EU Softens Push to Keep Clients From Exiting Failing BanksBy and
Diplomats may bring rule in line with international standards
Clients could face shorter payment stays when banks fail
European Union policy makers are softening plans to stop clients pulling money from banks suffering a financial crisis, according to a draft plan seen by Bloomberg News.
Regulators have been debating the length of time that traders and other clients should be suspended from yanking funds when a lender is deemed to be failing. An earlier proposal for two separate moratoria, each lasting as long as five days, has been shortened to two days maximum in the latest version of the policy after banks warned it would lead to systemic risk.
The new draft, written by Bulgaria as the current holder of the rotating presidency of the EU council, will be discussed privately on Thursday by diplomats in Brussels. It would in principle cover almost all of a bank’s obligations, with only a small list of exemptions, though authorities can tailor the moratorium to each specific case.
Deposits could also be frozen, though retail customers and small companies would get access to “an appropriate daily amount to cover the cost of living or the regular administrative expenses for running the business,” according to the latest draft.
Policy makers are wrestling with how best to give supervisors the flexibility necessary to handle a meltdown while also staying in line with international standards. Banking authorities in Europe support the introduction of a moratorium after the failure of Spain’s Banco Popular Espanol SA in June left officials racing to find a solution overnight. They finalized the lender’s sale to Banco Santander SA before markets opened.
The Brussels-based Single Resolution Board, which is responsible for dealing with the biggest banks in the euro area when they get into trouble, would still prefer a five-day version of the moratorium, according to a representative who requested not to be named in line with protocol. That way, it could buy the time it needs to resolve problems at a lender over a weekend, even it’s found to be failing early in the week, the official said.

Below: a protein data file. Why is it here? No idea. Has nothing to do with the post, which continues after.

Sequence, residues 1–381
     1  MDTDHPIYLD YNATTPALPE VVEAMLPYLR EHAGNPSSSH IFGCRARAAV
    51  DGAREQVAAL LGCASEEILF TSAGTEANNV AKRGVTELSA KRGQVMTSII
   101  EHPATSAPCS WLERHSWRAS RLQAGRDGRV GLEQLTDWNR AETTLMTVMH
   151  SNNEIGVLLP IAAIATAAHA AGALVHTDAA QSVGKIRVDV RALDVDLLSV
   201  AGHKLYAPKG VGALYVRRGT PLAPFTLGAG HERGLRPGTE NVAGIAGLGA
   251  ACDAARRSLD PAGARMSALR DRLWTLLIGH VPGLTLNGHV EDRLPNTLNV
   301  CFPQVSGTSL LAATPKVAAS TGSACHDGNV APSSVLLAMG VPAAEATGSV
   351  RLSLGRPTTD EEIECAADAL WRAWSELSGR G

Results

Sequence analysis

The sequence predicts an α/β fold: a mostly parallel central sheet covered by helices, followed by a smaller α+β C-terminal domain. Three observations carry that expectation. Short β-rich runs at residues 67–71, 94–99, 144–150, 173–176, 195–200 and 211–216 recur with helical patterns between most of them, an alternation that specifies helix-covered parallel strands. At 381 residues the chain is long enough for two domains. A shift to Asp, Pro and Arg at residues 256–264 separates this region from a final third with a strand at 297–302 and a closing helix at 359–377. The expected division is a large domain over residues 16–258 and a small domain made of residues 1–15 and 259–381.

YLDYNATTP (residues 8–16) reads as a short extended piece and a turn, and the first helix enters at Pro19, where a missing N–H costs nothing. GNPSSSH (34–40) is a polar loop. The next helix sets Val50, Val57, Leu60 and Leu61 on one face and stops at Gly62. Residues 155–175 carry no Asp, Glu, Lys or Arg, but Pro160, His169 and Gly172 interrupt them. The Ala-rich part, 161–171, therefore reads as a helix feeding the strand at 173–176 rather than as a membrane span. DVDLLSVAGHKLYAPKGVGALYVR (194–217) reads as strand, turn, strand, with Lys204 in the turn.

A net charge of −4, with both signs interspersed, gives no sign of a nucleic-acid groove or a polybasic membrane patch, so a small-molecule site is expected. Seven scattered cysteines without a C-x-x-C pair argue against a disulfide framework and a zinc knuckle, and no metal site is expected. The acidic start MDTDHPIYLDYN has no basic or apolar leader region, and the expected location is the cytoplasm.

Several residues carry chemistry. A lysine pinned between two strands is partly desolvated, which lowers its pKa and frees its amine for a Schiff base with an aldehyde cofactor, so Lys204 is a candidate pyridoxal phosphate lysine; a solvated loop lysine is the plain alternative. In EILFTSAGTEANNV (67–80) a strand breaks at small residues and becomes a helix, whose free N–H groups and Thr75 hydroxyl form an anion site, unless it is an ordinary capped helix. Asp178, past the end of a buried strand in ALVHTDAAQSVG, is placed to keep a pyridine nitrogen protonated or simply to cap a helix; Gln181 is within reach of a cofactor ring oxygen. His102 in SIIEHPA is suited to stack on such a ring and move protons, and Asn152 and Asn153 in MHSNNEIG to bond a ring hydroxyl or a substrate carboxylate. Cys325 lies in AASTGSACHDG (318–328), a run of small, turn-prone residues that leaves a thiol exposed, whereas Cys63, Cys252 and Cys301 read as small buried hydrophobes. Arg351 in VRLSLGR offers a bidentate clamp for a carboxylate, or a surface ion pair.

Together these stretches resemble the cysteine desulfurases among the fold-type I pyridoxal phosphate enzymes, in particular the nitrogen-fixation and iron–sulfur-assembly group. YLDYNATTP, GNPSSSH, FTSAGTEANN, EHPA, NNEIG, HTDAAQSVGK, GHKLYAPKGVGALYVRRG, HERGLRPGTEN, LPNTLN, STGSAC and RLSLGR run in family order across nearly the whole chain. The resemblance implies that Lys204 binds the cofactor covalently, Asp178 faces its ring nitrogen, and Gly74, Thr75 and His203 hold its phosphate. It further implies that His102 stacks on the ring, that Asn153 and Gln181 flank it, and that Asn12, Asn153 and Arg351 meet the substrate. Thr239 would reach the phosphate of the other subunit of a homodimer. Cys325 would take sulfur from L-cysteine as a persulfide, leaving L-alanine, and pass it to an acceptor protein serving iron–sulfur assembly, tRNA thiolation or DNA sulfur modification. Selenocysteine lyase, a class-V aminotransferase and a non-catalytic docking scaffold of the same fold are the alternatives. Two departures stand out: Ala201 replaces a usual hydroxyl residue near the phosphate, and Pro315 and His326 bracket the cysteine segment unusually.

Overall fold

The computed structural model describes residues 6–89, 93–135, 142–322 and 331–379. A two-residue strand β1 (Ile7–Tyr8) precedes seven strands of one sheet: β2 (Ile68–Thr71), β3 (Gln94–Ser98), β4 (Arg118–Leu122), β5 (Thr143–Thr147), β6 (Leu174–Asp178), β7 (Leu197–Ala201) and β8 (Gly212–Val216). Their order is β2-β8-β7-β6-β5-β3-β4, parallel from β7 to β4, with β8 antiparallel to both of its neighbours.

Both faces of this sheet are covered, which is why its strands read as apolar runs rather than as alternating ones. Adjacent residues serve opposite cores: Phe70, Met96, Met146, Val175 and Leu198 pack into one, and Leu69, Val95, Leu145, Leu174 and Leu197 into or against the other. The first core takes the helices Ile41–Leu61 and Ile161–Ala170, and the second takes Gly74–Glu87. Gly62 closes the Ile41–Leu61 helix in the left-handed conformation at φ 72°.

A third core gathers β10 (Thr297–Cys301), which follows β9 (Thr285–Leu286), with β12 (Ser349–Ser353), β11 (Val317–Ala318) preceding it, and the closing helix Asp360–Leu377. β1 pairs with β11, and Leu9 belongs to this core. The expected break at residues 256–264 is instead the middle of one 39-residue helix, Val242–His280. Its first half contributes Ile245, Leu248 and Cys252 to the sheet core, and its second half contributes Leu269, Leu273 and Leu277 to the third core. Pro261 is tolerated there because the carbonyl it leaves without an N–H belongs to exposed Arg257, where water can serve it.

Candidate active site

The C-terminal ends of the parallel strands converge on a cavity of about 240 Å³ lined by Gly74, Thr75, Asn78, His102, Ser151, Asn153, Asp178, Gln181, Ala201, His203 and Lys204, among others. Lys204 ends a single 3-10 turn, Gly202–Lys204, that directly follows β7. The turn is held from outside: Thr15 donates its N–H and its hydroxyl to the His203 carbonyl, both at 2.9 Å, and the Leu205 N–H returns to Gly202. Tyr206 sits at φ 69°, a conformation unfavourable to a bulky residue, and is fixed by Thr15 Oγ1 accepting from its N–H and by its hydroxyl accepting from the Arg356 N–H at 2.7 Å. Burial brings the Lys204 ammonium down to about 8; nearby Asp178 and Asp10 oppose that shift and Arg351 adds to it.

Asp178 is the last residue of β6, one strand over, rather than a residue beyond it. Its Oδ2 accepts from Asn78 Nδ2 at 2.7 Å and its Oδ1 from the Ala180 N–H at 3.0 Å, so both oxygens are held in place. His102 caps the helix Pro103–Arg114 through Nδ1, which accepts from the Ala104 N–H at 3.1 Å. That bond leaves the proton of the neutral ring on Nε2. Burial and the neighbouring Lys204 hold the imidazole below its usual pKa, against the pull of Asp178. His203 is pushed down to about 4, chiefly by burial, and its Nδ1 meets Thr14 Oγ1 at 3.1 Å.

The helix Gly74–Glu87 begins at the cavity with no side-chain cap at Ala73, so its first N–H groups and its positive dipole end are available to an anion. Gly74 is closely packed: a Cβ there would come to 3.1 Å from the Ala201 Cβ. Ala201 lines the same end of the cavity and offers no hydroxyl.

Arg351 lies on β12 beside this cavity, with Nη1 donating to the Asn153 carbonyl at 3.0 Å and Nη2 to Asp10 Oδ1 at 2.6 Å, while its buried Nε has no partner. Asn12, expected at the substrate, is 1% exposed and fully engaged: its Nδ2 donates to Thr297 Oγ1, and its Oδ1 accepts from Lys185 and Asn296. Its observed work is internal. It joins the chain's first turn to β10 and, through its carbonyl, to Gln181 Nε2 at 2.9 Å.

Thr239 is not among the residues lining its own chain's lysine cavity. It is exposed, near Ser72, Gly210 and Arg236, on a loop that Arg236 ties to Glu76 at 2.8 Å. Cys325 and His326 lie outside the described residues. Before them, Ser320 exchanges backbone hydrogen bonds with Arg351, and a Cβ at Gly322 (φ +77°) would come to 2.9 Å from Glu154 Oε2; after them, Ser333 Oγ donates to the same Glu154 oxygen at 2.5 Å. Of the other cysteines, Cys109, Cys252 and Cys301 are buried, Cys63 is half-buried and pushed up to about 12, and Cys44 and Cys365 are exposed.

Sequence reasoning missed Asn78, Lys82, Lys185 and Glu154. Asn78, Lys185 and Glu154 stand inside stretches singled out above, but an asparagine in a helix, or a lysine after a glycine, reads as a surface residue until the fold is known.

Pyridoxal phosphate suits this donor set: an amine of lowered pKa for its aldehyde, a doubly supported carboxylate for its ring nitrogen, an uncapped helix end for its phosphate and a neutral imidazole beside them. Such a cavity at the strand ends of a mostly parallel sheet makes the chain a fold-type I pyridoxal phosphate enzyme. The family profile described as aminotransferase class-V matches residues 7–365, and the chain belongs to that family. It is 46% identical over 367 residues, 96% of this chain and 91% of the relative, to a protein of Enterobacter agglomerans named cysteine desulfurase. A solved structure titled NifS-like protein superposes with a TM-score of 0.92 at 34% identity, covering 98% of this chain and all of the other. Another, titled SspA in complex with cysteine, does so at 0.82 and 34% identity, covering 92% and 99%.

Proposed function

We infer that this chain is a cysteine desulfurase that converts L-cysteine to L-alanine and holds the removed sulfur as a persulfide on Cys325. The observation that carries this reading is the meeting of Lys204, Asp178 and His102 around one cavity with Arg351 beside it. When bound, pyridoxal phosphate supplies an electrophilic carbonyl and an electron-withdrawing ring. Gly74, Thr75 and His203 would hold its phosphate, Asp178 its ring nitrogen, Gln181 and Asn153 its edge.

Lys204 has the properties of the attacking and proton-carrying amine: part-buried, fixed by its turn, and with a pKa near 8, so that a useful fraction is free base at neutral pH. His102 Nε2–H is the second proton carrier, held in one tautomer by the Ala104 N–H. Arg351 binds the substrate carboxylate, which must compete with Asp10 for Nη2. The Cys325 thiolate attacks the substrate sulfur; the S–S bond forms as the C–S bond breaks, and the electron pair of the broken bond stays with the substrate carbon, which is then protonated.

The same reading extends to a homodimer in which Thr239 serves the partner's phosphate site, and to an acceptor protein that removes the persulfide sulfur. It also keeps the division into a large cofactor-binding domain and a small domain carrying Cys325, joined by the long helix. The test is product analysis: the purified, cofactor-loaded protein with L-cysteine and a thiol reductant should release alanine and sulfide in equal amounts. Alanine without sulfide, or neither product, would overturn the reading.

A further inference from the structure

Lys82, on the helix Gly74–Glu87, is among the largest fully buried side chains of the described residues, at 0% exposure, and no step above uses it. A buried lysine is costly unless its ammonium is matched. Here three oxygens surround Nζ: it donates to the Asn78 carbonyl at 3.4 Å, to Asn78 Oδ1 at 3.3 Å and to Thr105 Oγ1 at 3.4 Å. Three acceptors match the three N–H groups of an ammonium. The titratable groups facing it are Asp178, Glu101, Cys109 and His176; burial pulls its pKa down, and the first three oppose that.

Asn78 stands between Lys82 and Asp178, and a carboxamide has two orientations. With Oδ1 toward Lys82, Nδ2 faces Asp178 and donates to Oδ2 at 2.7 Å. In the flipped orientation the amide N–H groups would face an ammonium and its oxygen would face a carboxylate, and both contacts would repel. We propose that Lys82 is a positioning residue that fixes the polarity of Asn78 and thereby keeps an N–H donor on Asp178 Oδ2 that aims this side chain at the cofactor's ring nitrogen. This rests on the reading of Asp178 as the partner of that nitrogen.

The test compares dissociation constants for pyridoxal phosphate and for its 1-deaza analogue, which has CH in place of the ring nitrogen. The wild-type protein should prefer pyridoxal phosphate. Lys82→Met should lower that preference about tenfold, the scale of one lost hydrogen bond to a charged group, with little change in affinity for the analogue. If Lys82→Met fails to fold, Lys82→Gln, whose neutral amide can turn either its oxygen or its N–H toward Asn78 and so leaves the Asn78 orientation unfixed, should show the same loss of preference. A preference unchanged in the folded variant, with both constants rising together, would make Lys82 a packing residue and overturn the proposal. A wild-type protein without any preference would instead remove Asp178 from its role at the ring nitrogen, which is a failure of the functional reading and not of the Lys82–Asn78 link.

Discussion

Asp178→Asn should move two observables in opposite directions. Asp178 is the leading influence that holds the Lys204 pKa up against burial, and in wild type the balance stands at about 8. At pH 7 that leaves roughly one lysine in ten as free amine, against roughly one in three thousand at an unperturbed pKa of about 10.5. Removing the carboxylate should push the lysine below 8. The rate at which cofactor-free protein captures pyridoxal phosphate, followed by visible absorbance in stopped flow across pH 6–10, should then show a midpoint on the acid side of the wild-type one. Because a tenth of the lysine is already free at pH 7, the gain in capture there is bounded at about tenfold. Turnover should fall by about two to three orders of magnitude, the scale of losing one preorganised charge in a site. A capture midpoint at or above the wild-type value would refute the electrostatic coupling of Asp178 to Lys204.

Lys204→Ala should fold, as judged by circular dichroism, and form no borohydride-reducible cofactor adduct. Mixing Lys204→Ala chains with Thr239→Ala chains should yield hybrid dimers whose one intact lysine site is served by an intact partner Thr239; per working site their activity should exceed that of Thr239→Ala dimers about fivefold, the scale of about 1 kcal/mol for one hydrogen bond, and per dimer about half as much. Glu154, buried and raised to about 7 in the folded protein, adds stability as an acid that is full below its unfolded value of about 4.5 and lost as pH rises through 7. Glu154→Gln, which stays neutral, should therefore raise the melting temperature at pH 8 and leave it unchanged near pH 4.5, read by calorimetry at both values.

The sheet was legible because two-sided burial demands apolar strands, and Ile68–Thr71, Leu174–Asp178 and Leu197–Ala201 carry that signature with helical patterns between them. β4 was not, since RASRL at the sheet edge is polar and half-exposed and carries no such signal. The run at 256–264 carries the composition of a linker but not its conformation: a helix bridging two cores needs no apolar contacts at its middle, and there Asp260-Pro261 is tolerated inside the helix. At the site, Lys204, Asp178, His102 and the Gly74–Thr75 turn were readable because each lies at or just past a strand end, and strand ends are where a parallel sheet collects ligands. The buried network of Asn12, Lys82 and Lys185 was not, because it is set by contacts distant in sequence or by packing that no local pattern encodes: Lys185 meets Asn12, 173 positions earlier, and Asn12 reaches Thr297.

Out of Sync
The new plan comes after the Bank of England had earlier warned of “very serious consequences” if the EU were to proceed with a five-day moratorium as it would be out of sync with the international and industry standard of two days, particularly for derivatives.
The changes sought are necessary to avoid “unintended negative consequences to financial markets” and to provide “a fit-for-purpose tool that should be available to resolution authorities,” according to the document. A spokeswoman for the Bulgarian presidency declined to comment on the document.
The proposal would allow supervisors to use the payment stay after declaring the bank “failing or likely to fail” or instead do so when the lender has entered resolution proceedings. The industry has argued the pre-resolution moratorium could actually encourage bank runs at the first sign of stress at a lender.
“We are concerned that if the EU diverges from the global standard” it would create uncertainty and could put institutions in the bloc at a “competitive disadvantage in terms of capital requirements and the ability to interact with non-EU counterparties in derivatives and other markets,” according to Scott O’Malia, chief executive officer at the International Swaps and Derivatives Association.
Lawmakers in the European Parliament, who have to agree to a final text, have also said that they favor a version of the moratorium that’s shorter than what the commission proposed.